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Game Theory in Poker

I find Game Theory to be one of the more interesting topics in Networks. The basics of it are somewhat simple, with the idea being that each player plays to their dominant strategy. Of course there are equilibriums involved, such as Nash equilibriums. But looking at various articles, game theory has been involved in so much, and in various ways. Looking at the Cold War, we can see a prime example of game theory. Both the US and the Soviet Union had two options, to build an arsenal, or to trust that the other would not. But while the best outcome would have been for both nations to trust each other, both ended up building arsenals. We see game theory applied to many decisions involving the threat of war and preparations. More information can be found at http://www.symposium-magazine.com/game-theory-is-useful-except-when-it-is-not-ariel-d-procaccia/. But I find game theory can be applied to almost every sport. Basketball, Soccer, Tennis, Football, etc. But perhaps the most debated use of game theory is in poker.

Some people like to play based on the “tells” of other players, or based purely on odds. I personally know someone who plays solely on calculating the odds of his hand winning and based on how much is in the pot. However, I like to use a little game theory in my style of play. I don’t have the best poker face, nor am I exceptional at reading other players. So the whole idea for me is to let other people try and read me, while I try to play every hand that I can so people have ample opportunity to gather information on me. Here is where game theory comes into play. Since I play most hands, good and bad, no one can really know what hand I have. So it all comes down to how I play each one. I also have the option to show my hand even if I win the hand. I can either be passive or aggressive, as in the Hawk Dove game. From what we learned in lecture, it would be very bad to play Dove if the other player can play the Hawk. Therefore I should tend to play aggressive, and try to bluff most of the time. But the real advantage is when I can pretend to play passive, as if I had a bad hand, and pull out the big money in the end game.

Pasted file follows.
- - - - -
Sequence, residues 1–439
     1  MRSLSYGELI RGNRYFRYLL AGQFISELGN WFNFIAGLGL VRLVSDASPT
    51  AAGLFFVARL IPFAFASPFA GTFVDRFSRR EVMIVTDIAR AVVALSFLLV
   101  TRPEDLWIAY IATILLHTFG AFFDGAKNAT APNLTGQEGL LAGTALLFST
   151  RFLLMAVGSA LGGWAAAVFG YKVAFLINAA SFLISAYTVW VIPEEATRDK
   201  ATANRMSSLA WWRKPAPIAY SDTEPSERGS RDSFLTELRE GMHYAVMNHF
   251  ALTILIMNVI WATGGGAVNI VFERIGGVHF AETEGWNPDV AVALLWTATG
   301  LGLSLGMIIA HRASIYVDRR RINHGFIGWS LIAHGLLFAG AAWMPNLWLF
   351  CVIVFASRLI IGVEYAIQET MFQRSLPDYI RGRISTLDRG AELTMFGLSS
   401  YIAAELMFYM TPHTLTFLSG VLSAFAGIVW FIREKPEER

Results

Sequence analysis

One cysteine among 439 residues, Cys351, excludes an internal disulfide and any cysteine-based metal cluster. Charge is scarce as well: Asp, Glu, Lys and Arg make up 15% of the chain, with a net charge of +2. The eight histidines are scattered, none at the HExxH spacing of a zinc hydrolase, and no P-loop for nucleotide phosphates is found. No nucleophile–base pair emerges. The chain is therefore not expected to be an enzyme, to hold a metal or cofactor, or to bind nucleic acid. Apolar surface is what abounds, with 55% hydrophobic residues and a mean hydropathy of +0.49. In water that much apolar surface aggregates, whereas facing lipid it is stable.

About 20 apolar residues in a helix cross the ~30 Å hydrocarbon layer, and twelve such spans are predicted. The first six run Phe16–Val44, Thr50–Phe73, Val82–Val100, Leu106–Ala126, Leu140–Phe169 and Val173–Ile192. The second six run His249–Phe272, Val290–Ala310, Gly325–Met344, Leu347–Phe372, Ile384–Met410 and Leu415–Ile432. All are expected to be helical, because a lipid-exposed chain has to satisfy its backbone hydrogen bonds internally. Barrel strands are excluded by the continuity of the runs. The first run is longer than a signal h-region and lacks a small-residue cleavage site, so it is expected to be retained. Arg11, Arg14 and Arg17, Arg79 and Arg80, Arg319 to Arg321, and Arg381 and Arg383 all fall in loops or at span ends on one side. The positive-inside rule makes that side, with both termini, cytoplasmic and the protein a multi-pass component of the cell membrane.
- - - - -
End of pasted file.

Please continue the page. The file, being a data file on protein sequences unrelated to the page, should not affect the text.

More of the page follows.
But I can’t do that if I decide to always play passive unless I have a very good hand. So I try to bluff a lot, even when I know I can’t win, just to seem like I tend to bluff the most. But I never bet too much money. But whenever I have a bad hand, I always play passively and let people assume I have a bad hand, assume that I will be taking the Dove choice. But it’s all about the previous behavior. If I had constantly played passive, but then went all in randomly and won on good hands, then people will be hesitant to bet a lot. They will take the Dove-Dove response and I will gain, because I have a good hand, but not a lot. Now if I had constantly played the aggressive play, and kept losing, then people will tend to bet more and I will win more. So by playing the non-dominant strategy more often, I can pull out big winnings when I play passive with a good hand. In this case, it is more about reverse game theory, where I either have the Dove or the Hawk in my hand, but pretend to have one or the other. Or perhaps you could call it a two stage game theory. But even with the way I use it, someone could use it another way, a 1 stage process.

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